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Re^2: conditional print. Is correct to use it?

by pvaldes (Chaplain)
on Oct 27, 2020 at 21:45 UTC ( [id://11123237] : note . print w/replies, xml ) Need Help??


in reply to Re: conditional print. Is correct to use it?
in thread conditional print. Is correct to use it?

Is more about style. I'm in the middle of an iteration. The known route would be:

put an if loop before -> to fix $variable -> and then print "something $variable something"... to a file.

I'm exploring to include the loop directly inside the print line. Start printing "something" to a file -> then include a mini loop to check the current status of the variable and then finish printing "something".

what strategy would be more correct in your opinion? "if(true){a} else {b}" or just (a||b)

(are both equally correct?)

Note: (About why not write just: my $fo; I have a bunch of variables to initialize. Some are expected to be numeric, other will receive a chain. I want to remind who is who. This is the reason to express specifically the empty chain here. (i.e: my $fo = q{}; my $bar = 0;... instead to just write: my ($fo, $bar)

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Re^3: conditional print. Is correct to use it? (updated)
by AnomalousMonk (Archbishop) on Oct 28, 2020 at 19:29 UTC
    "if(true){a} else {b}" or just (a||b)

    (are both equally correct?)

    A statement block like if(true){a} else {b} does not evaluate to any value (but see Note 1 below), but an expression like (a||b) always does. Therefore, IMHO it's not correct to say these are equivalent or "equally correct." The if/else-statement block can be made to have an effect equivalent to the expression, but only if the a b expressions or statement(s) have the correct side effects.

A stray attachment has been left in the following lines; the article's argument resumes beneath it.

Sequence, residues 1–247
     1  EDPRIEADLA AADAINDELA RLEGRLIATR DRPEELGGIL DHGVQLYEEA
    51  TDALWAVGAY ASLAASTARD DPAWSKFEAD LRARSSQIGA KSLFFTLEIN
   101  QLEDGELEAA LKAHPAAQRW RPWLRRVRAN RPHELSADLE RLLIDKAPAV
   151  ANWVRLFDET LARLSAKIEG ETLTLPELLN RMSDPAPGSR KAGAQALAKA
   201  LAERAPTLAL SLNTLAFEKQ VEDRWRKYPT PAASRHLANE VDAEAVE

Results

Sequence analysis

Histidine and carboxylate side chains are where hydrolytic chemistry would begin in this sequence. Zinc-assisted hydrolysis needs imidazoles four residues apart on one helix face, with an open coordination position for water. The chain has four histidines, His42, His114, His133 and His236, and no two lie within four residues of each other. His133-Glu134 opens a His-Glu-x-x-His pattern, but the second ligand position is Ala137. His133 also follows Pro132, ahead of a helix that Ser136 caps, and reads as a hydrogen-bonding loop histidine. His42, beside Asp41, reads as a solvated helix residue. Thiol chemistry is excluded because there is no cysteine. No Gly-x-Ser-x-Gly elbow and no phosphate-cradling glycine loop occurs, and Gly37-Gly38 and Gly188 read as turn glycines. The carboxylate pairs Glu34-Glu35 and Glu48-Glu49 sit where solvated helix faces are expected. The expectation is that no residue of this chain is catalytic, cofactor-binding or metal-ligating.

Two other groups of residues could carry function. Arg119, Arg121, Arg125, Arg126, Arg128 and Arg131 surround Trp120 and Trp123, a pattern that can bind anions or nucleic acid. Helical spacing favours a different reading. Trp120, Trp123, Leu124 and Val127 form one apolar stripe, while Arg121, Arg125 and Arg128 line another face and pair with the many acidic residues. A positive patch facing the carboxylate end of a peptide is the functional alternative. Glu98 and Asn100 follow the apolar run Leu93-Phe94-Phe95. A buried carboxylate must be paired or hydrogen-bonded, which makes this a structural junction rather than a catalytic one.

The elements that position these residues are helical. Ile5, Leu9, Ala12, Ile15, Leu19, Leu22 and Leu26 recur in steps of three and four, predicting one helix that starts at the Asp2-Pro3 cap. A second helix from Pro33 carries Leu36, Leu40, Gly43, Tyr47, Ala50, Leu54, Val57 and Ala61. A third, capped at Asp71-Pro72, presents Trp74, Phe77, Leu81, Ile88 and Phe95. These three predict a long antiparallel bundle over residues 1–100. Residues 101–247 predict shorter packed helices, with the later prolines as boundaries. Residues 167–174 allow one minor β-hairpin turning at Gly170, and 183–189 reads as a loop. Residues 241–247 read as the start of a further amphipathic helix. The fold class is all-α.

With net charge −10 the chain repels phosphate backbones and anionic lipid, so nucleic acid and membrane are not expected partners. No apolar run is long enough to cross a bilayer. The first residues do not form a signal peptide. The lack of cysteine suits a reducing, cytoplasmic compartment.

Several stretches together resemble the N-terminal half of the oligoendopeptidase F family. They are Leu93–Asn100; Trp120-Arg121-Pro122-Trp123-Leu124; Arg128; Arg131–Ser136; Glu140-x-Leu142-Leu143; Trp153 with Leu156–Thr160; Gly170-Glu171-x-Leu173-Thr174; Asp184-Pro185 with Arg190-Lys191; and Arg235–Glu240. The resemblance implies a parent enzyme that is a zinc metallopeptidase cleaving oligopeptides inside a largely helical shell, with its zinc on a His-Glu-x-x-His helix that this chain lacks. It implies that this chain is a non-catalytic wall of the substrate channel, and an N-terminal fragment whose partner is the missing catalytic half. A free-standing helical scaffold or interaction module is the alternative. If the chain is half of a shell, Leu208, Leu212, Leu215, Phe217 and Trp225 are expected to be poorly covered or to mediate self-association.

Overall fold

An expression can always be incorporated into another expression — if precedence is handled properly! A statement cannot be incorporated into another statement unless you contort your program logic with some sort of usually unnecessary eval nonsense. E.g.:

    Win8 Strawberry 5.8.9.5 (32) Wed 10/28/2020 15:06:58 C:\@Work\Perl\monks >perl -Mstrict -Mwarnings my $x; # undefined/false my $y = 'default string'; my $side; if (not $x) { $side = $y; } # true clause has side effect # $side = $y unless $x; # a more terse alternative printf "side effect '%s' logical-or '%s' ternary '%s' \n", $side, ($x || $y), $x ? $x : $y; ^Z side effect 'default string' logical-or 'default string' ternary 'de +fault string'

    Notes:

    1. An if- or if/else-statement block like
          if (CONDITION) { statements(s)  }
      or
          if (CONDITION) { statements(s)  } else { statements(s) }
      will return a value from a subroutine if it is the last thing executed in the subroutine, but this behavior is inherent to the behavior of subroutines, and not directly related to the behavior of conditional statement blocks.

      Update: To be more precise, what is returned from a subroutine that has no explicit return statement is the value of the last statement or expression executed in the subroutine. So in the subroutine
      sub func { ... ... if ($x) { foo(); bar(); } else { fee(); fie(); } }
      the return value of bar() is returned by func() if $x is true, that of fie() if $x is false.
      Win8 Strawberry 5.8.9.5 (32) Wed 10/28/2020 22:49:24 C:\@Work\Perl\monks >perl -Mstrict -Mwarnings printf "'%s' returned from true clause \n", func(1); printf "'%s' returned from false clause \n", func(); sub func { my $x = shift; printf "x is %-7s", $x ? 'true' : 'false'; if ($x) { foo(); bar(); } else { fee(); fie(); } } sub foo { return 'from ' . (caller 0)[3]; } sub bar { return 'from ' . (caller 0)[3]; } sub fee { return 'from ' . (caller 0)[3]; } sub fie { return 'from ' . (caller 0)[3]; } ^Z x is true 'from main::bar' returned from true clause x is false 'from main::fie' returned from false clause


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